How communities of color lead on climate solutions — and ways to support them

The Hewlett Foundation has, for well over a decade, supported organizations around the globe that advance ambitious solutions to the climate crisis. The individuals within these institutions are smart, dedicated, effective, and committed to ensuring more voices are part of advocating for policies and practices that lead to a sustainable, healthy, and prosperous future for all. This feature article — focused on leaders advancing just and equitable climate solutions in the United States — is the first in a series highlighting grantees that are moving the needle on one of the most pressing issues of our lifetime.

Bridgette Murray in front of the air pollution monitor ACTS installed to measure harmful pollution from trucks coming out of the Houston port. Photo credit:
Jorge Sanhueza-Lyon/Hive Fund

Bridgette Murray used to be a registered nurse. She worked where she lives — in Houston. As a nurse, she’d seen firsthand the ways her community’s environment was affecting their health. “Living in a community surrounded by freeways and other industries, I became quite curious about our environmental impacts, potential toxic exposures,” she says.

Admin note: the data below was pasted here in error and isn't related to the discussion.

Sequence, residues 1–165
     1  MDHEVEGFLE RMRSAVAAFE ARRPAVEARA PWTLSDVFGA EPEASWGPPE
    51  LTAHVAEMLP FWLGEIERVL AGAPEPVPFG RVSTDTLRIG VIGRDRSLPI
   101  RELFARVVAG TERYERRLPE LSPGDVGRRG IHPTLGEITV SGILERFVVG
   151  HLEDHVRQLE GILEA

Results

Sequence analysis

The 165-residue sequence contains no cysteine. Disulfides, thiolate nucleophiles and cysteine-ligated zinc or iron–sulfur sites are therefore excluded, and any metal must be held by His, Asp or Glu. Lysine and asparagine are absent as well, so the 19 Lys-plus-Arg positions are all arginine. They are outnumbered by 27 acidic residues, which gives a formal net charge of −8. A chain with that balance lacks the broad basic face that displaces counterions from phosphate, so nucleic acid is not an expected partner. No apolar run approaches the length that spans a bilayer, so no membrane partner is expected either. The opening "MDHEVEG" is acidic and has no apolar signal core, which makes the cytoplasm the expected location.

In 2012, while still working, the now 68-year-old founded Houston-based Achieving Community Tasks Successfully (ACTS), a volunteer-run organization that conducts citizen science and advocates for safe air quality. Upon retirement from nursing, Murray continued acting as executive director. The organization recently completed a disaster health recovery survey to understand COVID-19’s impacts in its community and has been installing air monitors throughout predominantly Black neighborhoods near polluting facilities since 2019. Despite operating on an annual budget of only about $120,000, the group has already installed eight monitors.

Running this community organization is a full-time job for Murray, but she’s not paid a market-rate salary. No one on her team of four is. They serve because they care about local health outcomes. They stretch their budget, including what they receive from philanthropy, to ensure they can maximize what they give back to the community.

Murray dreams of a day when she can pay her team a living wage and do even more for the city she loves: “Volunteers are great, but when you’re able to hire a team that can work on these various programs full-time, then you’re able to do more on behalf of the communities that we serve. We know that there is just so much more that needs to be done, but we have to be realistic about those tasks that we can take on.”